Dedicated to the all the children in the U.S. foster care system, National Foster Care Day on the first Tuesday in May encourages everyone to wear blue and raise their voices to show their support for foster youth everywhere.
I am not a foster child or foster parent, but through classmates, neighbors, church members, and co-workers, I feel as if I’ve always been connected to the system. I’ve helped celebrate the successes, and attended funerals of those who felt there was no other way out.
Family and friends were not surprised when the foster care system was a focal point in my debut novel, In the Best Interest of the Child. Protagonist Olivia Chandler is a successful child advocate attorney who has a high success rate in winning cases for minor children. Olivia stumbles though when assigned a case by the court which mirrors her own childhood… when she was in foster care. Investigating the case forces Olivia to deal with trauma she’s avoided acknowledging… for almost thirty years.
The book is a work of fiction, but the situations are very real.
On the average, a child is placed into foster care every two minutes in the United States. The poor life choices and bad decisions of adults create dangerous and unhealthy environments children must be removed from. But placing a child into a “safe” foster home doesn’t solve the problem, and could actually create more or compound a child’s traumatic stress which is never adequately addressed.
Whenever legislators seek leaner budgets, services for children are usually first on the chopping block. Cuts are made to foster care on the federal level. When dollars are received by states, cuts are made to fit their budgets…then on to counties and cities… see where this is going?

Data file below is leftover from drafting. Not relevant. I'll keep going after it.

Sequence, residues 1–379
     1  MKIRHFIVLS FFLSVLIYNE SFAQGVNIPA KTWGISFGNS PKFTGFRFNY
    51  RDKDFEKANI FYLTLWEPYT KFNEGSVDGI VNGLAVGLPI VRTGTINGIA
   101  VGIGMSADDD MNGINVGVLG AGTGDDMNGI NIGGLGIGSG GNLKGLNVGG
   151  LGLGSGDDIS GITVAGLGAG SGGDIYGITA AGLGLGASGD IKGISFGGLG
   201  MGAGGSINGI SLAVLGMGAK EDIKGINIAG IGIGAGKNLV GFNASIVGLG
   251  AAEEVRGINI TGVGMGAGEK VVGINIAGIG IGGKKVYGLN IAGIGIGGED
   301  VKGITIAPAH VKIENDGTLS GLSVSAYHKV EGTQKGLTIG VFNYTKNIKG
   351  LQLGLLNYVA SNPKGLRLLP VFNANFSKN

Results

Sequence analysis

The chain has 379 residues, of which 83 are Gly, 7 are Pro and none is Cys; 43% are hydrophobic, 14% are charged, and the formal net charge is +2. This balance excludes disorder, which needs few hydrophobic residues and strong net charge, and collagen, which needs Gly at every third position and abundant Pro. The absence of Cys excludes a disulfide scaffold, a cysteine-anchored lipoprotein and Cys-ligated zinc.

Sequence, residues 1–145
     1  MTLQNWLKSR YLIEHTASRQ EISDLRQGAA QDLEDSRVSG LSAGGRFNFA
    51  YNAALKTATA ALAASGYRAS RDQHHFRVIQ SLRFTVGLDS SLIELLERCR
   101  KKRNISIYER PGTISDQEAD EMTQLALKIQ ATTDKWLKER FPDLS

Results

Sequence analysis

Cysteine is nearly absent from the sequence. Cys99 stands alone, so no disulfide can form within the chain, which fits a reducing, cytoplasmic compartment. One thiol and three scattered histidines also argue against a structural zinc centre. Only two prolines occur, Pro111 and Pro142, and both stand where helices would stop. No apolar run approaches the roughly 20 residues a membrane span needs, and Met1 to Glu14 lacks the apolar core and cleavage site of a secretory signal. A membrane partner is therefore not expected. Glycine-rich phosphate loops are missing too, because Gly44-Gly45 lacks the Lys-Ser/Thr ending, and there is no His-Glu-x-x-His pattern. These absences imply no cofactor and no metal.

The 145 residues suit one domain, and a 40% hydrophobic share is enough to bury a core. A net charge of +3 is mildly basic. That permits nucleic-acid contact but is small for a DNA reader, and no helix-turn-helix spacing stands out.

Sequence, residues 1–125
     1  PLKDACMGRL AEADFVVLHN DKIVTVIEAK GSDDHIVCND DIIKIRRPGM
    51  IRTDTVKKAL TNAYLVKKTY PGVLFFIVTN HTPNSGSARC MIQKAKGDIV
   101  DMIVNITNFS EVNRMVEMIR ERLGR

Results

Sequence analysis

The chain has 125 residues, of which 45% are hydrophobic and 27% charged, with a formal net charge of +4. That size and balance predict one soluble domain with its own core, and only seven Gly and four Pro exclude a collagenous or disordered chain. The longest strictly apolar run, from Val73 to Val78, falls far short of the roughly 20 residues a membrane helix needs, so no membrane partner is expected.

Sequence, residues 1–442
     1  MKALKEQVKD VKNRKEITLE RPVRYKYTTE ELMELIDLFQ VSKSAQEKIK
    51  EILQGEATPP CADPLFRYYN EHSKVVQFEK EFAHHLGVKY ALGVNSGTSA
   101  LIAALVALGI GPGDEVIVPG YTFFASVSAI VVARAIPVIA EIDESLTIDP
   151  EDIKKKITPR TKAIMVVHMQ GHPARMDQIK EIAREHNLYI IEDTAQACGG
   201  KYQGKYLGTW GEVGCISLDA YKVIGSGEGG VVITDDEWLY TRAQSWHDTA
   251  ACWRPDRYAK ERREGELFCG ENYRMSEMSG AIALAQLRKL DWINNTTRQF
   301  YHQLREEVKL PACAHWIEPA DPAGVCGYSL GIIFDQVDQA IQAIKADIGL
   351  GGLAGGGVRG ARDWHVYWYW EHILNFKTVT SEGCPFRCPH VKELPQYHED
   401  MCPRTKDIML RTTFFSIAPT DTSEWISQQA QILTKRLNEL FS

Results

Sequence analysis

Foster care children receive minimal health care benefits through Medicaid – a program that comes under fire… and suffers budget cuts regularly. Children with chronic and life-threatening conditions could wait weeks or months for treatment unless advocates intervene. A foster care child in need of psychiatric or even counseling services is put on a waiting list… and forgotten.
We must do better. We must stop allowing children in foster care to be treated like second-class citizens. We must stop blaming children for being in foster care. When Charles Loring Brace founded The Children’s Aid Society in the mid-19th century, he believed that there was a better way to change the futures of the 30,000 children living in the streets and alleys of New York City.
The focus is now nationwide and dealing with nearly half a million children, but the mission is still the same. However, children are not the future, they are the present. What we do for them today impacts their future… and ours.
*Text bolded for emphasis by blogger.
Kicking off Foster Care Month, National Foster Care Day provides a platform to help repair a system that is plagued with shortages nationwide. Many enter care with little to no belongings and have suffered the effects of abuse, poverty, neglect or even the death of their loved ones. There is a nationwide shortage of foster parents and stipends that don’t cover the essentials of a growing child.
With over 400,000 children in the foster care system at any given time, and a new child placed into care every 2 minutes, the need for support services, essential items and foster parents is high. Foster children have an uphill battle with startling statistics to overcome and need the support of our communities across the country. National Foster Care Day shines a light on these children and points us all in the direction of solutions.